With locations in East Boston, Dorchester and Jamaica Plain, Play to Learn is part of the Boston Public School's Countdown to Kindergarten program. Groups meet in school settings. Activities are as much about helping early learners with developmental and social skills as they are about introducing families to the resources available to them in their own neighborhoods. Check website for 2017-2018 schedule.
The great outdoors is Tinkergarten's classroom.
15. Make friends with nature.
Tinkergarten brings the classroom outdoors to local parks and green spaces in and around Boston. Trained class leaders guide children through seasonally appropriate activities, such as learning about the winter solstice, building an outdoor shelter, creating handmade paper using natural materials, and exploring bugs and their homes. With classes in Charlestown, Jamaica Plain, Somerville, and Cambridge, and more than a dozen additional nearby towns, you're sure to find a class near you. Fall registration is open now.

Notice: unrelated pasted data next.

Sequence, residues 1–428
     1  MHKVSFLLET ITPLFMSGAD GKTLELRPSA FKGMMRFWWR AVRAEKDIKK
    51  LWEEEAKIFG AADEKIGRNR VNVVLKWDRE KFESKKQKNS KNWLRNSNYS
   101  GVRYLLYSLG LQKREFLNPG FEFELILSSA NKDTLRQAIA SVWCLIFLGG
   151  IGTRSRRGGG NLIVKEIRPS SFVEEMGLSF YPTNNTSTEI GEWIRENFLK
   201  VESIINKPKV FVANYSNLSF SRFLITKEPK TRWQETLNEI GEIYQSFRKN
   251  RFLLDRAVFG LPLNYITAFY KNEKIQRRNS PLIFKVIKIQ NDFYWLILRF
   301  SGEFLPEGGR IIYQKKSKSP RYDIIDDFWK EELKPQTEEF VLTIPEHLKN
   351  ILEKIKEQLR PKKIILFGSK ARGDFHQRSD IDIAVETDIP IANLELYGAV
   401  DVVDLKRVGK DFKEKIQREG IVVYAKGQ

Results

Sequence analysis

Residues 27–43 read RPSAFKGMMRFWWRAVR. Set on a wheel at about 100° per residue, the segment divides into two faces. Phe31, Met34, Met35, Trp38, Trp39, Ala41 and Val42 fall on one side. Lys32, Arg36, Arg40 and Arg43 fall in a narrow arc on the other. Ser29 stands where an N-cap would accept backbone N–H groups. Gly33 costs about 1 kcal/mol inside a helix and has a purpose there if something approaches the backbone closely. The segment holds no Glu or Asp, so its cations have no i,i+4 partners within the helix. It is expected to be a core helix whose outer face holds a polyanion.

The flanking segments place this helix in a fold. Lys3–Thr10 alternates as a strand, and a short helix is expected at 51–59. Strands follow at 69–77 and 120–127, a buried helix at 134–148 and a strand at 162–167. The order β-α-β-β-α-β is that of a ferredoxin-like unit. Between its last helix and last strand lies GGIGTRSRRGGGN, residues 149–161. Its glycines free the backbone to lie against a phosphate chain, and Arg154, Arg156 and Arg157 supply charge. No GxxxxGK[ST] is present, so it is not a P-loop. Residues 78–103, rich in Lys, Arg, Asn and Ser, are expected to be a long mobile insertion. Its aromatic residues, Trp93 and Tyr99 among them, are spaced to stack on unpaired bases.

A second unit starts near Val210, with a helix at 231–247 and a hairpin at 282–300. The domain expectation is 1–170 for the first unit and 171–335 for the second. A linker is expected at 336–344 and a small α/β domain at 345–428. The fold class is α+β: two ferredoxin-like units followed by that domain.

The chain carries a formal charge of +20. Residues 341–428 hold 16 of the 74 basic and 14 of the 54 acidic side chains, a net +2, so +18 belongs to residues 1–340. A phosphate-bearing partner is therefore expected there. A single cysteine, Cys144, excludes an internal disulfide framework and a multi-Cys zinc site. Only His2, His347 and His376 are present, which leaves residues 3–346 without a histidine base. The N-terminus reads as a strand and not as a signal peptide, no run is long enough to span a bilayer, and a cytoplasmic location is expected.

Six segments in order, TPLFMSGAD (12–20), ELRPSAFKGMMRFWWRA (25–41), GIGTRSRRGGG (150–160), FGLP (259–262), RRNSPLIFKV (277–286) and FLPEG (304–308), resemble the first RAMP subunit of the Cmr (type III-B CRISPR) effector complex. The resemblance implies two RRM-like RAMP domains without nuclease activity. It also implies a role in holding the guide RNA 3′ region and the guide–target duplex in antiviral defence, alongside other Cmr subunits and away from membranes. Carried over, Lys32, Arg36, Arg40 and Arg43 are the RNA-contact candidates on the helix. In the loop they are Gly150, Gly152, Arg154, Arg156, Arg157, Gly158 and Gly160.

16. Keep it simple: Hit the playground.
One thing city kids have going for them is their access to great parks. Every neighborhood has playgrounds and green space, many with equipment designed for toddlers.Check out a new park or log some quality time in your favorite neighborhood spot. Maybe venture to one of our very-favorite destination playgrounds or one of the city's hidden gems for an extra special adventure. Free
Cool off at the Greenway's Wharf District fountain.
17. Roam the Greenway.